Odd Little Jellyfish Hitting Oregon Coast
Published 07/08/2015 at 5:04 AM PDT
(Oregon Coast) – A host of odd little jellyfish have been spotted around the Oregon coast these days. Pictured here, they were littering the beaches of Rockaway Beach last week. At first glance, in their dried up form, they look like plastic coffee cup lids. Or when folded over – as they're often seen – they look like some kind of plastic debris.
It's only when seen in their still-wet state do they resemble jellyfish.
What are they? Tiffany Boothe from Seaside Aquarium had the answer.
“They are water jellies,” Boothe said. “We've been seeing a lot of these guys.”
Indeed, Aequorea victoria – their scientific name – are all over the Oregon coast right now. For a second you may think you're looking at more of the velella velella that so inundated the beaches this spring. But these are something different.
Water jellies are found all over the western American continent – from Alaska, down through Canada, to the Oregon, Washington and California coasts. They tend to be more common farther north in British Columbia and Washington, so it's not too often that they show up here.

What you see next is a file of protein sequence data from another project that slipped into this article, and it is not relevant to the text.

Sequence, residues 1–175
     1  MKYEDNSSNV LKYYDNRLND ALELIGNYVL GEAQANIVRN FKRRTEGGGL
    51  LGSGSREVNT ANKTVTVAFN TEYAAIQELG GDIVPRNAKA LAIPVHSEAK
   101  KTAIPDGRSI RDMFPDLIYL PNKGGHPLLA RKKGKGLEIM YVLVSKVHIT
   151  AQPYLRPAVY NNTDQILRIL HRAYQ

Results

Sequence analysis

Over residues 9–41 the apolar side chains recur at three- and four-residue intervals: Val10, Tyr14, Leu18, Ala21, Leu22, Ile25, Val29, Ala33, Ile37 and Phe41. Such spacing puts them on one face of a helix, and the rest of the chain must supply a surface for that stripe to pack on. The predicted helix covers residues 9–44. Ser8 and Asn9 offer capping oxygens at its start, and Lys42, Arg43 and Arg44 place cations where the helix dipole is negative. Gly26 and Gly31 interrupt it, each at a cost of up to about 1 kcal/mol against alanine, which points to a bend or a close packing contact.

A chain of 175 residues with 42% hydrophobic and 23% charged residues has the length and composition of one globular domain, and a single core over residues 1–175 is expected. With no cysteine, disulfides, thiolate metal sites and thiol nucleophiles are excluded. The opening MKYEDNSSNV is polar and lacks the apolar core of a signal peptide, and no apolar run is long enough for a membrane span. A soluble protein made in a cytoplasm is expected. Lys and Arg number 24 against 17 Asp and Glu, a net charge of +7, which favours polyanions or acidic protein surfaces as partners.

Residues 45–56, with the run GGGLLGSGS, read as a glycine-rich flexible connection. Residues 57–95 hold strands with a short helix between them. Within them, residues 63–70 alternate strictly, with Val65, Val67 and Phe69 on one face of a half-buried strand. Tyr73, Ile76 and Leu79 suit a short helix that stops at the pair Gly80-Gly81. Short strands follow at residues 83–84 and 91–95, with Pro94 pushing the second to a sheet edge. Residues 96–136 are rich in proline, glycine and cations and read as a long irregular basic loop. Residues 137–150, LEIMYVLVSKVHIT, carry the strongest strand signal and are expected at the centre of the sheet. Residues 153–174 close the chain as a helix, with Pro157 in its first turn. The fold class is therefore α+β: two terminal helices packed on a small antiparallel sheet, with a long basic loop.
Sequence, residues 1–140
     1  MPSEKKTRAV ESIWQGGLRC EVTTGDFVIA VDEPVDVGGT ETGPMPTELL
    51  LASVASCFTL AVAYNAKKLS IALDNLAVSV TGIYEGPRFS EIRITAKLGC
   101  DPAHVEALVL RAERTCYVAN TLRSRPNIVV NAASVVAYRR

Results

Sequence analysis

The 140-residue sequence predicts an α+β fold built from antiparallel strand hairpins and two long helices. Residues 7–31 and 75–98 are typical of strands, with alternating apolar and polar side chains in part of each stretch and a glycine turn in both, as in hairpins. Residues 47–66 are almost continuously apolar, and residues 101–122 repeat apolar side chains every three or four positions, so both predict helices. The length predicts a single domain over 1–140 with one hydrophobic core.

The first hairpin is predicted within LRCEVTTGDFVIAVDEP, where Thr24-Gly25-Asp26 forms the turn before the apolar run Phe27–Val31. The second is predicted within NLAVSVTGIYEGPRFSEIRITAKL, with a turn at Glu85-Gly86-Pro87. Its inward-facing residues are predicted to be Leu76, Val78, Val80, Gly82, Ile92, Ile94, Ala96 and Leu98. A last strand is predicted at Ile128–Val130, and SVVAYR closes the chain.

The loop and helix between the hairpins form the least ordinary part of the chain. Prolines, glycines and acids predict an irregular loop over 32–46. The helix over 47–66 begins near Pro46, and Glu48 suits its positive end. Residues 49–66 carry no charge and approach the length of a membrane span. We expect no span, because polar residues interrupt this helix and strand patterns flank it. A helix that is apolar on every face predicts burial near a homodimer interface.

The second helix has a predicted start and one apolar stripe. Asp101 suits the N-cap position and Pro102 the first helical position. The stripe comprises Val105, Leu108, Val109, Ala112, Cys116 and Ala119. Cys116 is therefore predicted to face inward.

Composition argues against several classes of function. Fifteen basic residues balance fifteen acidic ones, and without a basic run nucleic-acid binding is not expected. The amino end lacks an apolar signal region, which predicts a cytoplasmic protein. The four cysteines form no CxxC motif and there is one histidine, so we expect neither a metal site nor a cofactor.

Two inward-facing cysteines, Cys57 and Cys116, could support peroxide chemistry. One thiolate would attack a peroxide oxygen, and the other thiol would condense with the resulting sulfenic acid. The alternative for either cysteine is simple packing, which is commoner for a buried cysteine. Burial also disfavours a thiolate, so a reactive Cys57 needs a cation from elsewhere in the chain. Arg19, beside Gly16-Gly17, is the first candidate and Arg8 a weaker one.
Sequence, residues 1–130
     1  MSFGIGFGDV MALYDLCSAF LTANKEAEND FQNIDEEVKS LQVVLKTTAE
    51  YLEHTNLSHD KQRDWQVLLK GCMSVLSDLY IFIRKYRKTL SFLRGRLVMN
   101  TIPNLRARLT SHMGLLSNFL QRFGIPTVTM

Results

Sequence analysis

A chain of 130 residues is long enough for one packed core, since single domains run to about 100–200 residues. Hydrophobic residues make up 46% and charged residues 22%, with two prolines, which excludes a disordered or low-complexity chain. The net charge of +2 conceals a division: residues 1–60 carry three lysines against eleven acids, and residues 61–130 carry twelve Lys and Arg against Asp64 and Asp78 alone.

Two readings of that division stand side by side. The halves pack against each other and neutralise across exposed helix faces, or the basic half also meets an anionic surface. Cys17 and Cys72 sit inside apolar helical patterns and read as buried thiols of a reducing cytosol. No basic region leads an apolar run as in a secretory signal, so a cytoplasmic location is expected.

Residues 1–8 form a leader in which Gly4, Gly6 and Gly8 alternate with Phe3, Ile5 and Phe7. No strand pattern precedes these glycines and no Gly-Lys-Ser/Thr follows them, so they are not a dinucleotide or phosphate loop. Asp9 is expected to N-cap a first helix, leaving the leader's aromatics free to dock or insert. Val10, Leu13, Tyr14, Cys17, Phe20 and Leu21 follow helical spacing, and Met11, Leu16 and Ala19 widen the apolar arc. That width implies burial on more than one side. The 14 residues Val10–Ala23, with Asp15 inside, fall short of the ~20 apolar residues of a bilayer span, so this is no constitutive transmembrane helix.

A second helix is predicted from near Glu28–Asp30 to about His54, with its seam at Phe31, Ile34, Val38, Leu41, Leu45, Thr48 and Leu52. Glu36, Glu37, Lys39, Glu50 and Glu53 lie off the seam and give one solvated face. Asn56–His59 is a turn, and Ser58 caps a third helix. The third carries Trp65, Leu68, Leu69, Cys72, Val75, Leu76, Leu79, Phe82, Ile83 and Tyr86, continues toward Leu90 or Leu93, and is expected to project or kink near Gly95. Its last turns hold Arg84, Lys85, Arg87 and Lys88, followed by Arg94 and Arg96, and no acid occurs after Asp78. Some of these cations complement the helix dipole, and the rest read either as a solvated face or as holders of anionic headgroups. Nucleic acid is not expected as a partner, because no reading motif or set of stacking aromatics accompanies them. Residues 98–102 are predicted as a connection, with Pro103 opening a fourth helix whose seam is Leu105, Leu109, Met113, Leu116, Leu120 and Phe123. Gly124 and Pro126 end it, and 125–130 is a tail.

They have quite the interesting design, say scientists. While laying flat in the sand and spread out, you'll see the radial spokes. They can have as many as 60, and can get up to seven inches in diameter, although the ones spotted on the Oregon coast appear to max out at about five inches, with most around three inches or so.
Even more surprising is that they are bioluminescent, meaning they glow when touched or disturbed. This apparently only happens in their environment and when they are still alive, Oregon Coast Beach Connection staff did not notice any flashing at night when walked up. Staff were searching for so-called glowing sand, which is caused by another bioluminescent creature: a form of phytoplankton called dinoflagellates.
When in the water, they have a bell, which in turn has the water jelly's mouth. They eat other tiny jellyfish and soft-bodied invertebrates, and scientists believe they could cannibalistic.
Seaside Aquarium has had them in their tanks in the past (seen in the photo here).
Scientists say these kinds of jellyfish actually start off in a polyp state when young, then break off into tiny buds which grow into full-sized water jellies. They have a life span of about six months.
More About Oregon Coast hotels, lodging.....
More About Oregon Coast Restaurants, Dining.....
More Oregon Coast Below:
LATEST Related Oregon Coast Articles
Back to Oregon Coast
Contact Advertise on BeachConnection.net